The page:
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Surface normals and principal component analysis (PCA) 3DM slides by Marc van Kreveld 1.

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Presentation on theme: "Surface normals and principal component analysis (PCA) 3DM slides by Marc van Kreveld 1."— Presentation transcript:

1 Surface normals and principal component analysis (PCA) 3DM slides by Marc van Kreveld 1

2 Normal of a surface Defined at points on the surface: normal of the tangent plane to the surface at that point Well-defined and unique inside the facets of any polyhedron At edges and vertices, the tangent plane is not unique or not defined (convex/reflex edge)  normal is undefined 2

3 Normal of a surface On a smooth surface without a boundary, the normal is unique and well-defined everywhere (smooth simply means that the derivatives of the surface exist everywhere) On a smooth surface (manifold) with boundary, the normal is not defined on the boundary 3

4 Normal of a surface 4

5 The normal at edges or vertices is often defined in some convenient way: some average of normals of incident triangles 5

6 Normal of a surface No matter what choice we make at a vertex, a piecewise linear surface will not have a continuously changing normal  visible after computing illumination 6 not normals! they would be parallel

7 Curvature The rate of change of the normal is the curvature higher curvature lower curvature infinite curvature zero curvature 7

8 Curvature A circle is a shape that has constant curvature everywhere The same is true for a line, whose curvature is zero everywhere 8

9 Curvature Curvature can be positive or negative Intuitively, the magnitude of the curvature is the curvature of the circle that looks most like the curve, close to the point of interest negative curvature positive curvature 9

10 Curvature The curvature at any point on a circle is the inverse of its radius The (absolute) curvature at any point on a curve is the curvature of the circle through that point that has the same first and second derivative at that point (so it is defined only for C 2 curves) 10 r curvature = 1/r r

11 Curvature For a 3D surface, there are curvatures in all directions in the tangent plane 11

12 Curvature negative positive inside 12

13 Properties at a point A point on a smooth surface has various properties: – location – normal (first derivative) / tangent plane – two/many curvatures (second derivative) 13

14 Normal of a point in a point set? Can we estimate the normal for each point in a scanned point cloud? This would help reconstruction (e.g. for RANSAC) 14

15 Normal of a point in a point set Main idea of various different methods, to estimate the normal of a point q in a point cloud: – collect some nearest neighbors of q, for instance 12 – fit a plane for q and its 12 neighbors – use the normal of this plane as the estimated normal for q 15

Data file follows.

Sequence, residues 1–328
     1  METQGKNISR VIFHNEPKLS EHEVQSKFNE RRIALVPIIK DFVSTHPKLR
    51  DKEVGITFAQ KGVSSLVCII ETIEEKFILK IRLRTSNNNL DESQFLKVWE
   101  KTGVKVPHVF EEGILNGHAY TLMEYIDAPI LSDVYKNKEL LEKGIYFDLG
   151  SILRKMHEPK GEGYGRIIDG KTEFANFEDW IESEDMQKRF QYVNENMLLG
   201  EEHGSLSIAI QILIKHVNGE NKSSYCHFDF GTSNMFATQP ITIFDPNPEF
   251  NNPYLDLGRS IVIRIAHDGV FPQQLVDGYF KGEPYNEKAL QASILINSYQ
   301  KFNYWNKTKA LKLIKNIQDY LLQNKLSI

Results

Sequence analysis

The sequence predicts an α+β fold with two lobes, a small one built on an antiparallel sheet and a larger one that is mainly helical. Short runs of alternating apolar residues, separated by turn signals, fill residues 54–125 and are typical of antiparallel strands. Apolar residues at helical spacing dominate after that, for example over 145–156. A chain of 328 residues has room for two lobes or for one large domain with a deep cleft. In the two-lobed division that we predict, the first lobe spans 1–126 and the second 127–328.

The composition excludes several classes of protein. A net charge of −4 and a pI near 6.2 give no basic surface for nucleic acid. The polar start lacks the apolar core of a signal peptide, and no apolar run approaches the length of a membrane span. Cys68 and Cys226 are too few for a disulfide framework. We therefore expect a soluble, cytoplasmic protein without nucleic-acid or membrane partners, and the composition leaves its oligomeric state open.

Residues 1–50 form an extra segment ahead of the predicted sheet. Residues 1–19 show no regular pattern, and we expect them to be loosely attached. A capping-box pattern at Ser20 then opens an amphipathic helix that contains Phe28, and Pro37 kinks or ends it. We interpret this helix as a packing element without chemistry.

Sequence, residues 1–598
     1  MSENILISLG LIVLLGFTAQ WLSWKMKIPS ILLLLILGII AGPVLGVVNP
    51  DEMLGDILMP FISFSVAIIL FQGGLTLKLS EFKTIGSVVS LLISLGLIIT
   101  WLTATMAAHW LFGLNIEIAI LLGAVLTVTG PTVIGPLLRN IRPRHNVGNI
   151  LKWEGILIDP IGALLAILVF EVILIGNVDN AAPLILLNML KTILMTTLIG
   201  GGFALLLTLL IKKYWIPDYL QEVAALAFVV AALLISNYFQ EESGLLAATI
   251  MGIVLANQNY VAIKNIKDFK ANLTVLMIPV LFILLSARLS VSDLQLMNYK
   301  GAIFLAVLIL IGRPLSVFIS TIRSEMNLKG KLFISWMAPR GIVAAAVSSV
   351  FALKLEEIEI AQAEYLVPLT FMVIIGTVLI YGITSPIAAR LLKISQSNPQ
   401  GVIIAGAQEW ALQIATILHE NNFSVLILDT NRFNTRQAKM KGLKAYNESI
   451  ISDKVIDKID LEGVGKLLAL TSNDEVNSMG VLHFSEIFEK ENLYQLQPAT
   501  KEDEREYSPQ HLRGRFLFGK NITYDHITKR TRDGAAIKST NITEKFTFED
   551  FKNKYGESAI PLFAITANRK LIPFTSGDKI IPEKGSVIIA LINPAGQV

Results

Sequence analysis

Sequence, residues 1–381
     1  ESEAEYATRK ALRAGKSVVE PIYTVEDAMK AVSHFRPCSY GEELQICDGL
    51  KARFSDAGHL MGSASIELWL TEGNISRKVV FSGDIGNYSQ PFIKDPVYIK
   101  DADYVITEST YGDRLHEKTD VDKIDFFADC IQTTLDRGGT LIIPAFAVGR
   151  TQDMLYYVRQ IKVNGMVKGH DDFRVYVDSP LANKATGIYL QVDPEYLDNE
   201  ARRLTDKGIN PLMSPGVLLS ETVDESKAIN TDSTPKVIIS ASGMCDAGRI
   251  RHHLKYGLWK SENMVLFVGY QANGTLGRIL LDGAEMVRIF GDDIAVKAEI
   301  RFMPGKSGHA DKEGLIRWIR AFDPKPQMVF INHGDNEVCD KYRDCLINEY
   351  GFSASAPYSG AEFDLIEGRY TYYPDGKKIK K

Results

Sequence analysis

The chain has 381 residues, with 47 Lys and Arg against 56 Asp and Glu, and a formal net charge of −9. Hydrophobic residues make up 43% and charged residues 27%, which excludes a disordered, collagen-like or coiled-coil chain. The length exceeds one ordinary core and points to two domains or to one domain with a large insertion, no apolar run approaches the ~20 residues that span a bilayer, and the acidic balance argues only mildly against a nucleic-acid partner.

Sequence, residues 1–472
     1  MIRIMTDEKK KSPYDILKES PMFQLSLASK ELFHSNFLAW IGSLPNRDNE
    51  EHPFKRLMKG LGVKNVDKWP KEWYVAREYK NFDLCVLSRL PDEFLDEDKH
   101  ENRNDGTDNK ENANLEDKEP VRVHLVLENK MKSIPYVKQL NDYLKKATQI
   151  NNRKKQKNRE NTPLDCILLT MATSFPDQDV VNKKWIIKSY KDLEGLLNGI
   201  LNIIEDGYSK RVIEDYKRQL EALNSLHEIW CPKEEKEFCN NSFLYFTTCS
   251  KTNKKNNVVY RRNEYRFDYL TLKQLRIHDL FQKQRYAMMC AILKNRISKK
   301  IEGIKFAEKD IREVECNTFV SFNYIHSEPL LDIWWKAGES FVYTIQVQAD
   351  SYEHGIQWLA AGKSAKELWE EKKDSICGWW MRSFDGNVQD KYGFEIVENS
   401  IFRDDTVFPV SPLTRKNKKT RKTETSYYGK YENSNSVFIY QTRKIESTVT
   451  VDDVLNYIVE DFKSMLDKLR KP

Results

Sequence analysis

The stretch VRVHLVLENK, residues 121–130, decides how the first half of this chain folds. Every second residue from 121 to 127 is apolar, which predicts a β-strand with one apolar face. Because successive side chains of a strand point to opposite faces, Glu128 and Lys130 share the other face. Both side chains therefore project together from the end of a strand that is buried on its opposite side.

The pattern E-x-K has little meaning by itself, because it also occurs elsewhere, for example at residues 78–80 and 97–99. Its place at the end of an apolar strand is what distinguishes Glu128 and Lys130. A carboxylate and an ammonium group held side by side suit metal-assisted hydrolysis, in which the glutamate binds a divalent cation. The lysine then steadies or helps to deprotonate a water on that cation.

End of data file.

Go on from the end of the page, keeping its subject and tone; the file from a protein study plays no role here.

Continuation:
16 Normal estimation at a point Risk: the 12 nearest neighbors of q are not nicely spread in all directions on the plane  the computed normal could even be perpendicular to the real normal! 16

17 Normal estimation at a point Also: the quality of normals of points near edges of the scanned shape is often not so good We want a way of knowing how good the estimated normal seems to be 17

18 Principal component analysis General technique for data analysis Uses the statistical concept of correlation Uses the linear algebra concept of eigenvectors Can be used for normal estimation and tells something about the quality (clearness, obviousness) of the normal 18

19 Correlation Degree of correspondence/changing together of two variables measured from objects – in a population of people, length and weight are correlated – in decathlon, performance on 100 meters and long jump are correlated (so are shot put and discus throw) Pearson’s correlation coefficient 19

20 Covariance, correlation For two variables x and y, their covariance is defined as  (x,y)= E[ (x – E[x]) (y – E[y]) ] = E[xy] – E[x] E[y] E[x] is the expected value of x, equal to the mean  x Note that the variance  2 (x) =  (x,x), the covariance of x with itself, where  (x) is the standard deviation Correlation  x,y =  (x,y) / (  (x)  (y)) 20

21 Covariance For a data set of pairs (x 1, y 1 ), (x 2, y 2 ), …, (x n, y n ), the covariance can be computed as where x and y are the mean values of x i and y i 21

22 Data matrix 22

23 Covariance matrix 23

24 Principal component analysis PCA is a linear transformation (3 x 3 in our example) that makes new base vectors such that – the first base vector has a direction that realizes the largest possible variance (when projected onto a line) – the second base vector is orthogonal to the first and realizes the largest possible variance among those vectors – the third base vector is orthogonal to the first and second base vector and … – … and so on … Hence, PCA is an orthogonal linear transformation 24

25 Principal component analysis In 2D, after finding the first base vector, the second one is immediately determined because of the requirement of orthogonality 25

26 Principal component analysis In 3D, after the first base vector is found, the data is projected onto a plane with this base vector as its normal, and we find the second base vector in this plane as the direction with largest variance in that plane (this “removes” the variance explained by the first base vector) 26

27 Principal component analysis After the first two base vectors are found, the data is projected onto a line orthogonal to the first two base vectors and the third base vector is found on this line  it is simply given by the cross product of the first two base vectors 27

28 Principal component analysis The subsequent variances we find are decreasing in value and give an “importance” to the base vectors The mind-process explains why principal component analysis can be used for dimension reduction: maybe all the variance in, say, 10 measurement types can be explained using 4 or 3 (new) dimensions 28